For this week’s Thursday Thoughts, we were thrilled to be joined by British television presenter, children’s author and wheelchair basketball player Ade Adepitan and Raj Sandhu, Westminster Correspondent for BBC Scotland.
An international athlete (his team won the bronze and gold medal at the Paralympics), Ade then made his debut on the screen presenting the Games on Channel 4 in 2012. Since then, he has gone on to write several successful children’s books, Ade’s Amazing Ade-ventures, featuring a black, disabled protagonist at the forefront – making a huge impact in the sporting, television and publishing world.
Raj – a former Creative Access intern at HarperCollins – was in publishing for two years before realising that her heart was in journalism. Raj went on to win a place on the prestigious Gareth Butler trainee scheme before joining The Nine, a channel covering stories across the globe from a Scottish perspective.
Raj launched the conversation on the various careers Ade has had so far. Ade responded that, ‘the idea of being a one career person is over … It’s quite exciting because it means you have an opportunity to try so many different things throughout your life.” When reflecting on his work from being a Paralympian to currently working on a climate change documentary, Ade admits, “I don’t often take time to look back and think look what I’ve achieved, I try very much to stay in the moment … yes, it is probably a lot, but I’ve never really thought about it!”
“You need enablers who believe in you, and sometimes believe in you more than you believe in yourself.”
When making the transition from sport to television, Ade revealed he was “lucky to meet a few people who got me and understood I had more to offer than just sport”. Raj stressed the importance of having “a cheerleader team behind you, it’s not just about you and being resilient … you also need a team of people behind you, and when you’re in your down days, they can lift you up and tell you, no you need to keep going.” Ade agreed, saying, “You need enablers who believe in you, and sometimes believe in you more than you believe in yourself.”
After initially feeling embarrassed to get an agent because he believed he wouldn’t get into the industry, Ade was approached by an agent when his television show Tiger, Tiger ended. Raj then asked whether Ade had any advice for those aspiring to get into television today: “How do we get more enablers into the industry that can bring in people who aren’t the norm?” Ade’s answer was in the opportunities around today’s technology and platforms: “You no longer have to rely on TV as the only way to get into the media industry … you can make your own stuff” such as livestreams, videos and blogs. He encouraged this as a great way to enhance your own skills for future roles during lockdown.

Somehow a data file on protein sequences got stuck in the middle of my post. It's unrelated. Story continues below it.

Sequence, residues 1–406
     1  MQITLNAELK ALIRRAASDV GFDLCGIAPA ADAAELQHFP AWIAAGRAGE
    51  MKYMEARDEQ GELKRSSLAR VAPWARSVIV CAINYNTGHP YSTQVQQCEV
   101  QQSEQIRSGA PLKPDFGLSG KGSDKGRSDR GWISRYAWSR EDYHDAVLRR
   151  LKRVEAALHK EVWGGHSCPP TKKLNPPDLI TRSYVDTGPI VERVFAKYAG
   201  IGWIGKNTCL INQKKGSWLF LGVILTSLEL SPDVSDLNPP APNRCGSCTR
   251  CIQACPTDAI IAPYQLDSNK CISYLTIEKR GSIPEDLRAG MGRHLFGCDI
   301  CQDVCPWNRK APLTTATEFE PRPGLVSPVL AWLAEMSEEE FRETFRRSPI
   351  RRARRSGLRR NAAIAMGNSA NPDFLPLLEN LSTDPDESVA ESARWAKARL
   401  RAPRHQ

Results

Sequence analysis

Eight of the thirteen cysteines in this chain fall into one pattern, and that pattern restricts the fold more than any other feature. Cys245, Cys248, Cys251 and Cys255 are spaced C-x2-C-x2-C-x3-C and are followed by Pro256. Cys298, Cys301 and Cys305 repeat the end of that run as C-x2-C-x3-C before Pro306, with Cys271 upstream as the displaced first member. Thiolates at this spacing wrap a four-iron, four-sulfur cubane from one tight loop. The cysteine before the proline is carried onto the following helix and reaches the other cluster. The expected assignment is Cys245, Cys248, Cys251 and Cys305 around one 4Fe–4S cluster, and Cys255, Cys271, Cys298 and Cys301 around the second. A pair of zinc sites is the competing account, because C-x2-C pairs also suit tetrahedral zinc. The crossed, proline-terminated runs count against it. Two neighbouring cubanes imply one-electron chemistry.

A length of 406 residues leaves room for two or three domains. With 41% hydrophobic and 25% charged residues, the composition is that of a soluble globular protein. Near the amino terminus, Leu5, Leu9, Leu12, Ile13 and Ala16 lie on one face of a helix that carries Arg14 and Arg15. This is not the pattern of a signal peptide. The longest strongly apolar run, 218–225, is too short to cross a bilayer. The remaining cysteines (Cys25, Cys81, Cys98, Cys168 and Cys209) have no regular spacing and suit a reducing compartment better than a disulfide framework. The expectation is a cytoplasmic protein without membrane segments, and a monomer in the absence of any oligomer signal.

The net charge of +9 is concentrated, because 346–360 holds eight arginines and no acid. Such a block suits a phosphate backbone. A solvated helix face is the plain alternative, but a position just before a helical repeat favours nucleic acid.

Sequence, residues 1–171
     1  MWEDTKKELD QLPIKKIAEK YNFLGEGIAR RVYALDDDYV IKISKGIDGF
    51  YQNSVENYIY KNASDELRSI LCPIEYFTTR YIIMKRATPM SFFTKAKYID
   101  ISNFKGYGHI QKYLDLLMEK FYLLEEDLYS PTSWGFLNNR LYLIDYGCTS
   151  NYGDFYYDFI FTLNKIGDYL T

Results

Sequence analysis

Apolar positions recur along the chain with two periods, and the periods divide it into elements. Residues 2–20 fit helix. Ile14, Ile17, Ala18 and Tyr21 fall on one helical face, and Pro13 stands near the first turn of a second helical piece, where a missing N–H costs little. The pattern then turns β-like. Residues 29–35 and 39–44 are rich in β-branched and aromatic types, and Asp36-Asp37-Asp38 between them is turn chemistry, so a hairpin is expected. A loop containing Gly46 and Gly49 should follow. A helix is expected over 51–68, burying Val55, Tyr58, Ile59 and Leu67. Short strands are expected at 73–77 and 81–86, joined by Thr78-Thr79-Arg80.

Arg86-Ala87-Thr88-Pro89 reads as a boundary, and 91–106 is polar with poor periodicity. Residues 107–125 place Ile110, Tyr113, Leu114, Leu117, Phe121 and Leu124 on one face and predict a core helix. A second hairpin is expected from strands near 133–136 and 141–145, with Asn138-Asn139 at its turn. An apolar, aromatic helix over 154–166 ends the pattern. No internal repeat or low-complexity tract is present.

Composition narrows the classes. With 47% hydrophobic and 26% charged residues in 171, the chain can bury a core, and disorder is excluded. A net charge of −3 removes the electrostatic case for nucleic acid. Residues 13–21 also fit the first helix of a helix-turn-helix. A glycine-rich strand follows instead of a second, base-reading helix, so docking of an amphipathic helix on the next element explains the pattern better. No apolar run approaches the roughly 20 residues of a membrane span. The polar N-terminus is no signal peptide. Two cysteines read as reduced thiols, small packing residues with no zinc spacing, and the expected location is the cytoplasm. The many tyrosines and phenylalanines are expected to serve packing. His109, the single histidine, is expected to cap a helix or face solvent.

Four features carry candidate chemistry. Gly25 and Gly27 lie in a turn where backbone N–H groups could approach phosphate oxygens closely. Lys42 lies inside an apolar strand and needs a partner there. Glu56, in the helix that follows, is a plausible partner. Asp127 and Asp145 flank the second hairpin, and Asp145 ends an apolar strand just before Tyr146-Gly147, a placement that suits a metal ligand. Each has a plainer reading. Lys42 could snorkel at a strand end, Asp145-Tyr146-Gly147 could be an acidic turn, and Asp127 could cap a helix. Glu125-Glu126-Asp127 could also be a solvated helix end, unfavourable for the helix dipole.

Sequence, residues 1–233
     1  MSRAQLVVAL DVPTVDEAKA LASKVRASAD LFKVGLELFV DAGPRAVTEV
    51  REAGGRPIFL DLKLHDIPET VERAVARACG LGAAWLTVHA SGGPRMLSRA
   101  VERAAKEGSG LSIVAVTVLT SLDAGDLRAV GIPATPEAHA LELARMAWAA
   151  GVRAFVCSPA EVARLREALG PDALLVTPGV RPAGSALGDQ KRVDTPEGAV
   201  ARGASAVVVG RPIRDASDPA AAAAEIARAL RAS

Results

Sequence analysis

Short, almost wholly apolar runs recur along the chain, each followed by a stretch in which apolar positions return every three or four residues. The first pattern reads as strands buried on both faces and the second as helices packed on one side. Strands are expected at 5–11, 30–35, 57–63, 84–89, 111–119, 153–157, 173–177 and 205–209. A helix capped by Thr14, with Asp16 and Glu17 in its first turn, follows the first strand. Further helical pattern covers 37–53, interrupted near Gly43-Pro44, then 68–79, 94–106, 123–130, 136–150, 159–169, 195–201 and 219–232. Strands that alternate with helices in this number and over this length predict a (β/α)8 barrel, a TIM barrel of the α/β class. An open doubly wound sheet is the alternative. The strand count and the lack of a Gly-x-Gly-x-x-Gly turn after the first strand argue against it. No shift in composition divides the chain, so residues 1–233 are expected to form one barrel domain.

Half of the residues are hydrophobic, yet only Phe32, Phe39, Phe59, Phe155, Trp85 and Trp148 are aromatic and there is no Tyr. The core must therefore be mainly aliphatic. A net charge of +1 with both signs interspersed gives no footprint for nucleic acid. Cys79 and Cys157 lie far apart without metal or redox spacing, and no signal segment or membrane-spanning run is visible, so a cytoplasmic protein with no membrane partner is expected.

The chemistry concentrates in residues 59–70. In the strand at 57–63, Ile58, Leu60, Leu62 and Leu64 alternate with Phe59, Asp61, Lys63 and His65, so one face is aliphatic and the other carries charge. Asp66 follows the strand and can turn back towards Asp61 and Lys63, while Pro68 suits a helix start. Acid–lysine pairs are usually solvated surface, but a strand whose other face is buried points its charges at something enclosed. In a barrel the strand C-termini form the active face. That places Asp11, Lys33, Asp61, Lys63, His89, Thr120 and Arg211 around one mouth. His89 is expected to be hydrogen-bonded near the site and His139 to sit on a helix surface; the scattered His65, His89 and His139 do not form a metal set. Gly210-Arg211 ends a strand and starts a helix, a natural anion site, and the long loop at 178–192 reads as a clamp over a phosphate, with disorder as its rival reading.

“You have to be yourself. I hope the hard graft and work I’ve done will make it easier for other people like to come in because I’ve shown it can be done.“
The conversation then closed with a discussion on the Black Lives Matter movement, tackling systemic and institutional racism, and what the industries can do to change. When Raj asked what Ade’s experience has been as a black man in the media industry, he answered honestly:
“Change has to happen. Racism is a scar upon us all.“
“Complicated. It’s been difficult because there’s always been preconceptions and misconceptions about who I am, what I should present and whether anybody would watch what I’m on … It’s really important for people coming into TV, and this isn’t just about your cultural background, this is also about your class, you have to fight for the right to be you. Don’t try to modulate who you are to fit into TV and try to be someone else. You have to be yourself. I hope the hard graft and work I’ve done will make it easier for other people like to come in because I’ve shown it can be done.”
With huge thanks to Ade and Raj for their time and wise insight.
You can watch the whole discussion on our YouTube channel here.